The Axis Communications Video Hosting System allows video to be piped via the clouds to devices which include the iPhone.
Photo credit: Photo courtesy Axis Communications
With all the talk about the cloud today, it's hard to make it through the day without getting barraged with cloud chatter. Everything from e-mail to payroll services leverage the power of the cloud and why not? The cloud and its hosting providers offer cost savings, ease of use and flexibility to change the way we run applications-at home, in the home office and on the enterprise. Most of this functionality, however, is relatively lightweight in terms of bandwidth usage and network impact and have thus gained the favor of most IT groups.
Now enter video surveillance, by all accounts a heavy consumer of bandwidth. The question is: How realistic is it to move video surveillance to the cloud? Is video surveillance ready for the cloud? Or maybe better said for most integrators: Is the cloud ready for video surveillance?
While storage and bandwidth providers are enamored with the fact that video-one of the most bandwidth intensive applications-is hungry for transport and storage, the average security director or business owner will certainly have questions about the viability of this solution, especially those with a history of analog use.
As your partners and competitors talk more to the security end-user about the notion of cloud-based video surveillance options, there will be many factors to explain and consider ranging from what hardware to choose, which provider to use for service and all things in between. During this discovery process there will be some commonly held misconceptions about cloud-based video storage and video surveillance as a service offering. While these concerns seem credible on the surface, once you drill down and do your homework, these misconceptions can be very easily overcome.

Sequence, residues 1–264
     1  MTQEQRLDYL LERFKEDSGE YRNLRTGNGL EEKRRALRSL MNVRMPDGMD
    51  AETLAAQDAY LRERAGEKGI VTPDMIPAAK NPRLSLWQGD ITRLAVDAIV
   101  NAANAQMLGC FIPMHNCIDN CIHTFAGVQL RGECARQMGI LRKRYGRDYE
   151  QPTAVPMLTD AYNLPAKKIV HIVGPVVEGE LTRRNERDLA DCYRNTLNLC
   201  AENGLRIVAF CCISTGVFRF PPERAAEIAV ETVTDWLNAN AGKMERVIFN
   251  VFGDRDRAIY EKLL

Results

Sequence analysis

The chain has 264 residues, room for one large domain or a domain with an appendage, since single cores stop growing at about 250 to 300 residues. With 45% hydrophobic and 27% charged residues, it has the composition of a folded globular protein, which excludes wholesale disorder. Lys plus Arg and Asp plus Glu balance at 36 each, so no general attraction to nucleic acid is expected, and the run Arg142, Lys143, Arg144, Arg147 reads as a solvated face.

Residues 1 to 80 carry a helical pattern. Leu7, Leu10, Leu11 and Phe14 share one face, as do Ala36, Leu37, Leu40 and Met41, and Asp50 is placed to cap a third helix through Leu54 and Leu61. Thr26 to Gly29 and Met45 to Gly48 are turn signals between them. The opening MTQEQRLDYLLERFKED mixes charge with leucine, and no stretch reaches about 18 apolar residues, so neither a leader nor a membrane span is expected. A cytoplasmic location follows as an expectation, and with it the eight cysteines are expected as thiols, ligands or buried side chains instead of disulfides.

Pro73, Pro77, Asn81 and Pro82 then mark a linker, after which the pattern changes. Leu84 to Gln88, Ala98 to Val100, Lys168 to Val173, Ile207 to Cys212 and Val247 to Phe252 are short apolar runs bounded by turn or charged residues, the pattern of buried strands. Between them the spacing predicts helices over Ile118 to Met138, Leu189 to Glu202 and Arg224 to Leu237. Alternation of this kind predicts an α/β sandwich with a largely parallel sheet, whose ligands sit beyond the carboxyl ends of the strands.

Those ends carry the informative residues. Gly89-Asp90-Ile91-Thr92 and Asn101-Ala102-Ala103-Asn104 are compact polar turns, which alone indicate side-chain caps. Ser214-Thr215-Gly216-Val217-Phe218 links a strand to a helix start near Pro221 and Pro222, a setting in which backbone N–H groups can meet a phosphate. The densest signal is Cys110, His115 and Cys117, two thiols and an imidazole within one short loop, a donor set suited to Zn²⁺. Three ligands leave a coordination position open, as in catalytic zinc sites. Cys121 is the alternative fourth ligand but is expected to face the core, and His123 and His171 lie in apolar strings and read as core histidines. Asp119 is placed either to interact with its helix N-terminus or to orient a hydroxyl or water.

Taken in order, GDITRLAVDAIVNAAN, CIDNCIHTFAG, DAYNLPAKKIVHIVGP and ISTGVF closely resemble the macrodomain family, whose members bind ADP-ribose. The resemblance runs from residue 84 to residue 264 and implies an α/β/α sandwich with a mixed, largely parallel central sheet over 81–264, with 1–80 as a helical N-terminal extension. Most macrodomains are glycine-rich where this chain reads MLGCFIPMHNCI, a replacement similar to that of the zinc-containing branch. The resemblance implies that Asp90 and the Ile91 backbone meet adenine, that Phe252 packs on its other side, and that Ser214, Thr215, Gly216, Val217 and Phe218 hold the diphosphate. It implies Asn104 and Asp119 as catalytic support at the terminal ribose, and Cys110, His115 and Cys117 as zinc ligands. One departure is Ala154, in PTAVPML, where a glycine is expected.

Is it really ready for use?
One of the most commonly held beliefs about hosted video is that it is not mature enough to stand up to the rigors of today's physical security demands. There will always be resistance to any new technology introduced into a mature market, especially one that deals in safety and security. Many software applications and systems have migrated to the cloud already, specifically in our industry with the proliferation of hosted and managed access control and network-based alarm monitoring.
The technology itself is not the issue, especially as consumers use it daily to stream TV and movies, bank online and send social security information. Rather, how much information can practically be transmitted over the security network is what might come into question. Access control and alarm monitoring systems have proven mature platforms that confirm the viability of network-based functionality. Hosted video is no different with the exception of throughput requirements, which has been addressed with bandwidth-economizing compression technology.
Since video content is being sent out over the Internet, bandwidth usage will always be an issue. However, it's a commonly held misconception that video content is too consumptive to effectively be transmitted over the Internet. With the introduction of more efficient compression methods-namely H.264-systems are able to transmit video quality today that's better than 4CIF resolution over a dedicated T1 line without any significant lag issues. Even some of your customers with in-house recording and storage solutions record video at nominally low frame rates and resolution to save on internal storage, so the quality of hosted video is comparable and still better than analog. In addition, bandwidth capabilities and compression standards will continue to improve, which means the amount of data that's able to be sent over the network will increase as well.